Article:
SAN FRANCISCO — Companies tired of battling viruses and the costs of maintaining their Windows environments got an alternative this week when Sun Microsystems took the wraps off new suites of desktop and server software at its annual SunNetwork conference.
The company’s chief executive, Scott
McNealy, told some 8,500 conference attendees the products will simplify enterprise software pricing, which to date has been a complex and costly undertaking for most organizations.
“”I believe, as an industry, we’ve been overcharging to deliver services by a factor of at least 10,”” he said, adding that moving to a utility model is the No. 1 way companies can address cost and complexity. McNealy said an estimated US$45 billion is spent each year on desktop software and Sun would like to push that cost down to $10 billion, and grab 40 per cent of the revenue in the process.
In a move designed to wrestle mind share and market share from the dominating force in the PC environment, Microsoft Corp., Sun unveiled its Java Desktop System.
Previously code-named MadHatter, Java Desktop System runs on the Linux operating systems and includes Sun-flavoured programs that replace Microsoft’s Office suite and Internet browser, but will seamlessly interoperate with it. Jonathan, Schwartz, executive vice-president of Sun’s software group, said Java Desktop System is the answer to the manageability problem introduced by Windows.
“”The majority of problems, including viruses, are coming from the desktop,”” Schwartz said. Java Desktop System will be offered to customers for a price of US$100 per employee.
On the server side, Sun announced the Java Enterprise System software suite, which rolls the company’s middleware software — including the Sun ONE application server, directory server, portal server, Sun’s clustering software and various products for messaging and calendaring — into a single bundle with its Solaris server operating system and creates a one-stop-shop pricing model for customers. Previously code-named Project Orion, Sun executives call Java Enterprise a “”radical simplification”” in software delivery and maintenance.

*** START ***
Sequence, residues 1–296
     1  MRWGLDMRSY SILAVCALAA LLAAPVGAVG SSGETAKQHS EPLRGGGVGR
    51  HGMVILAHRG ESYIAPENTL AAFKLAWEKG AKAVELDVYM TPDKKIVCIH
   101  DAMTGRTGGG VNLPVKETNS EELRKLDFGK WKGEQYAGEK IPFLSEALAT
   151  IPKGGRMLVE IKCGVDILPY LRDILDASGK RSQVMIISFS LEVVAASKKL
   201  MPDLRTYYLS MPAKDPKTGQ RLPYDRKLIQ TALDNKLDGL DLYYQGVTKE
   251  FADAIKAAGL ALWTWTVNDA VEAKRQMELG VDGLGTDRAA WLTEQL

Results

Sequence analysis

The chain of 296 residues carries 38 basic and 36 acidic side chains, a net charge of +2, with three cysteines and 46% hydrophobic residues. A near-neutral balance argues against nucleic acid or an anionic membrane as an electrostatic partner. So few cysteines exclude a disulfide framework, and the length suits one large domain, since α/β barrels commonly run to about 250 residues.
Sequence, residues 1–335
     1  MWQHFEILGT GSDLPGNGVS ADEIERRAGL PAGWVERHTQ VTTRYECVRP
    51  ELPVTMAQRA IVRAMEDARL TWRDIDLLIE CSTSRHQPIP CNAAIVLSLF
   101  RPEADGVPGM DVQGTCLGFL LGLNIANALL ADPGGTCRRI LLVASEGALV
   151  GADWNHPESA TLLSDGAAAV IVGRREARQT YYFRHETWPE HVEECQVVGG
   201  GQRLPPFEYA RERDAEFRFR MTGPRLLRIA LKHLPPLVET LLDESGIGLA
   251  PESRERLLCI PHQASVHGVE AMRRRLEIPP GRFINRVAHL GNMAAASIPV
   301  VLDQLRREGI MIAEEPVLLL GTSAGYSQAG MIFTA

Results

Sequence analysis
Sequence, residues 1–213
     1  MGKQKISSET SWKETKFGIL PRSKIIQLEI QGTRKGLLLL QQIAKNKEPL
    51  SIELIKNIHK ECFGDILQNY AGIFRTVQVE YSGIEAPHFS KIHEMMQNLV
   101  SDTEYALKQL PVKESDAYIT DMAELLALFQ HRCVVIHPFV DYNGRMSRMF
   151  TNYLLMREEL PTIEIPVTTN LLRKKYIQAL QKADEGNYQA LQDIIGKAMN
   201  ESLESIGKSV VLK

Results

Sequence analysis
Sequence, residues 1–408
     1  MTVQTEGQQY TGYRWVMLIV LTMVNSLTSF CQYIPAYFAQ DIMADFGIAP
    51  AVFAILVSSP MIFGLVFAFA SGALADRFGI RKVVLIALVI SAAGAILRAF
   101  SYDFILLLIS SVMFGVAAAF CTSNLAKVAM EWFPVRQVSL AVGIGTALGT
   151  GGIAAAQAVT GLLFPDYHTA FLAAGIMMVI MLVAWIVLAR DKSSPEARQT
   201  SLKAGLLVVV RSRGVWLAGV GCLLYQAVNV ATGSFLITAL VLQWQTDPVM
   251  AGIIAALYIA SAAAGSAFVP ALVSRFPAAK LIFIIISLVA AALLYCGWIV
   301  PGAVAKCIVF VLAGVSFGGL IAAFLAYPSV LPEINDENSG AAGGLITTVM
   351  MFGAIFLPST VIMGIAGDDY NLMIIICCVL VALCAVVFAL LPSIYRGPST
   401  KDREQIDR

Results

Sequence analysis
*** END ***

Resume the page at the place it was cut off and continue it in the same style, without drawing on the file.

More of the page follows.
“”We needed to change our thinking from standalone products to an environment where it’s easy to share information and services,”” Schwartz said.
Admitting the complexity of licensing models has made it difficult for companies to figure out what they’re paying to maintain their software environments, McNealy said companies that adopt the new strategy can say goodbye to software audits.
“”We’re going to trust that the numbers you give us are correct,”” he said during a press conference after the keynote presentation. “”We don’t think our customers are going to lie about the number of employees who are using the software.””
Schwartz said Java Enterprise System will cost US$100 per employee per year, including the professional services to migrate off legacy systems, as well as training and support.
“”What we’re announcing is a system that takes 225 products and rolls them into six,”” said Schwartz.
Due for release in November, Java Enterprise System for Solaris on Sparc and Solaris on x86-type processors will be followed by a Linux release in the first quarter of 2004.
McNealy predicted the industry-wide movement toward a low-cost utility computing model will force another shakeup in IT departments across the enterprise.
“”Think about it: the majority of people working in IT have jobs to make products work together,”” he said.
Sun Microsystems of Canada’s president, Stephane Boisvert, said Canadian customers in the banking, telco and oil and gas industries have “”shown interest”” in Java Enterprise System as an avenue to better managing their escalating software costs.
“”One telco customer told us he has to get his $50 million bill from Microsoft down to $3 million,”” said Boisvert.
But are customers prepared to ditch existing infrastructures and invest in new technology in the current economic climate?
It won’t happen in the short term, said Warren Shiau, a senior software analyst with IDC Canada
“”I think in the long term, there’s a fair amount of potential, but we won’t see Sun making a dent in the short term,”” said Shiau.
He admits, however, for companies where software licensing has been a “”particular pain point,”” Sun’s pay-per-employee fee structure will be appealing.
“”Although there may be many users for whom this is a large issue, it may not be large enough to switch to Sun,”” said Shiau.
One of Sun’s Canadian customers doesn’t need convincing. James Betton, assistant vice-president of IT infrastructure at Toronto-based insurance company Aegon, said for its 900 employees in Canada, the company will pay an annual fee of US$900,000. While he admits this represents significant cost savings, he hasn’t figured out the specific return on investment at this point.
Betton said, on a “”complexity”” scale of one to 10, where 10 is the most complex, Sun’s previous pricing structure was at about an eight. This announcement changes all that.
“”This is pretty ground breaking stuff,”” said Betton. “”It’s almost too simple and not indicative of the software licensing industry. Microsoft and IBM could take a few lessons.””
Betton also said the three-page licensing agreement will be a big hit with the legal department.
“”And I will probably read it — for a change,”” he said.